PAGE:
Many of these free online activities rely on another resource that some task force members helped develop: Paediatric Musculoskeletal Matters (PMM), a free e-resource and online learning tool on pediatric musculoskeletal curricula designed to serve countries where specialist care is lacking.
“We are never going to get enough pediatric [musculoskeletal] specialists,” said Dr. Foster. “We have to reach out to the existing workforce and help them help us. These individuals can help raise awareness about suspected diagnoses, help initiate investigations and care.”
Currently the task force is developing a novel advocacy campaign (RUN; Rheumatology Unmet Needs) centered on patient stories. This will focus on the general public but also healthcare professionals and healthcare planners, using industry for sponsorship.
The campaign will help fund SPRINT (Spreading Rheumatology Internationally Together) to help build the workforce capacity. This program will expand on previous work with free remote education targeting non-expert members of the medical team, with a priority of reaching low-resource settings. These campaigns will be released over the next 12–18 months.
The Pediatric Rheumatologic Workforce
Other projects tackled similar concerns of building the overall workforce through education. Chris Scott, MBChb, head of the Division of Paediatric Rheumatology at the University of Cape Town, South Africa, and another co-chair of the Paediatric Global Musculoskeletal Task Force, shared details of a similar project.
Dr. Scott explained that a vicious cycle can occur with lack of access to care. A lack of access leads to missed diagnoses and lack of rheumatology research. This can lead to a false perception of rarity, which leads to further de-prioritization of policies promoting rheumatology education and services, causing further shortages in the workforce and poorer outcomes.
Dr. Scott’s group has been working to expand nurse training of musculoskeletal diseases in South Africa. He noted that nurses make up a large majority of the initial healthcare response in South Africa and resource poor countries. As participants in the African Paediatric Fellowship Programme, he and others at his institution have helped train many general pediatricians and nurses in pediatric rheumatology.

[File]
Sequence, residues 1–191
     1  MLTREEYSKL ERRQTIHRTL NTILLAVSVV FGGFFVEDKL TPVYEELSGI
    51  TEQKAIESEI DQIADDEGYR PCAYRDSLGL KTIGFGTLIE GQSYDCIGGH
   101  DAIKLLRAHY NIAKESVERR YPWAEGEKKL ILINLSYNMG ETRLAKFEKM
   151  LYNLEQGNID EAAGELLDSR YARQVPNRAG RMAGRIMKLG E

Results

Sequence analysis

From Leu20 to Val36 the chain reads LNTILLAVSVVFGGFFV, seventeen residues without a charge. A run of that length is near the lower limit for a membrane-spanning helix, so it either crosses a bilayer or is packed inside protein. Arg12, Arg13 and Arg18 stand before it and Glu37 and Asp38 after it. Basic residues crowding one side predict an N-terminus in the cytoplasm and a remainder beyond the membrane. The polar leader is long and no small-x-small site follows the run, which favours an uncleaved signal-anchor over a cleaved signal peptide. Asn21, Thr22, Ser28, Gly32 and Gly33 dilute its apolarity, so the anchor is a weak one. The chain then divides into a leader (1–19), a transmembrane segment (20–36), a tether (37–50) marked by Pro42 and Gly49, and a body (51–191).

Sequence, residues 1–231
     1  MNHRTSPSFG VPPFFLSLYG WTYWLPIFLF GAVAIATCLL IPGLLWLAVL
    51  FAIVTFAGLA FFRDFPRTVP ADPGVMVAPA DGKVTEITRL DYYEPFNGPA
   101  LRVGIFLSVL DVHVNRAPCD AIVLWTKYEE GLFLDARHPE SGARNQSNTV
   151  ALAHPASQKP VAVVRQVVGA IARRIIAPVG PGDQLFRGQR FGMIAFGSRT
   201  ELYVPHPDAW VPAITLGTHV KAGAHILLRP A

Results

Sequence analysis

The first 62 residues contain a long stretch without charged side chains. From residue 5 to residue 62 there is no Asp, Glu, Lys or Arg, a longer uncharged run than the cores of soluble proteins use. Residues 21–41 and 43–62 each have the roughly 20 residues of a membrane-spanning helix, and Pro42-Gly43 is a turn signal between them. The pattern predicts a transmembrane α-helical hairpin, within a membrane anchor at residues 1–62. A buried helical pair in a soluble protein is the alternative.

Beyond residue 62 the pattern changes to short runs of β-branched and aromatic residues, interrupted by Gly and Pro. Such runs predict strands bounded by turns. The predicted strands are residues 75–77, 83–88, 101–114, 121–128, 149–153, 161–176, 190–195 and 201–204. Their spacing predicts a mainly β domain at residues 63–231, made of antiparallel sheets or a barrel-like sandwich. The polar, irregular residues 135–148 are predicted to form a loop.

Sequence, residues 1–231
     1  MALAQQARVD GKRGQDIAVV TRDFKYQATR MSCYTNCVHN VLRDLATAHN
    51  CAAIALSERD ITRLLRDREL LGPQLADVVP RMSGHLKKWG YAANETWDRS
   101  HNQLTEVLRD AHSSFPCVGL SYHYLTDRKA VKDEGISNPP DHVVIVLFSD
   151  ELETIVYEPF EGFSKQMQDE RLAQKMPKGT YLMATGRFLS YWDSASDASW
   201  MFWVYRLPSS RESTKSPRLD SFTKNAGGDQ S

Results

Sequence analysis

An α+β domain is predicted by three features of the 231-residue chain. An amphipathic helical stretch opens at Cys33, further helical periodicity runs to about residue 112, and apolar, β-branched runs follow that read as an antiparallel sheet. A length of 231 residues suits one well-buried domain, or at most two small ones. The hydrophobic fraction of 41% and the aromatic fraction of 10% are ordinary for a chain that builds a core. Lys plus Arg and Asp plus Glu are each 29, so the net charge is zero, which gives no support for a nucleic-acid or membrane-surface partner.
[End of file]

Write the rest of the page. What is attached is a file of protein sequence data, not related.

Although this initial Global Rheumatolog Summit highlighted some promising areas for innovation and improvement, much work clearly needs to be done to bring true equity to rheumatologic care worldwide. It will take thoughtful work by many individuals in different areas, using dialogue, inclusion, persistence and courage.
As Dr. Alakija pointed out in her initial presentation, “It is up to you, up to me and all the rest of us; only together are we going to bridge these divides. … It is only working together as a global community that we are going to achieve health equity.”
Ruth Jessen Hickman, MD, is a graduate of the Indiana University School of Medicine. She is a freelance medical and science writer living in Bloomington, Ind.
- Less than 10% of African countries to hit key COVID-19 vaccination goal. World Health Organization. 2021 Oct 28.
- Foster HE, Scott C, Tiderius CJ, Dobbs MB. The paediatric global musculoskeletal task force—‘towards better MSK health for all.’ Pediatr Rheumatol Online J. 2020 Jul 14;18(1):60.
- Henrickson M. Policy challenges for the pediatric rheumatology workforce: Part III. The international situation. Pediatr Rheumatol Online J. 2011 Sep 12;9:26.
- GBD 2019 Viewpoint Collaborators. Five insights from the Global Burden of Disease Study 2019. Lancet. 2020 Oct 17;396(10258):1135–1159.
- Foster HE, Scott C, Tiderius CJ, et al. Improving musculoskeletal health for children and young people—A ‘call to action.’ Best Pract Res Clin Rheumatol. 2020 Oct;34(5):101566.
ACR Distinguished International Rheumatology Professional Award
The opening session of the Global Rheumatology Summit included the presentation by ACR President David Karp, MD, PhD, of the first ACR Distinguished International Rheumatology Professional Award to Ida Dzifa Dey, MBChB, FWACP, FGCPS, MSC, SCE-RCPMD.
Dr. Dey, a rheumatologist at Korle Bu Teaching Hospital in Accra, Ghana, established the country’s first rheumatology clinic in 2009 at Korle Bu. “The need was there—the patients were there,” said Dr. Dey. “But nobody was recognizing their disease; nobody was treating them properly. Then when they knew that the services were available, an avalanche of cases came in.”
In 2012, Dr. Dey also set up The Rheumatology Initiative (TRI), a nonprofit seeking to increase awareness of rheumatic conditions, improve patient outcomes and help prioritize rheumatology on Ghana’s health agenda.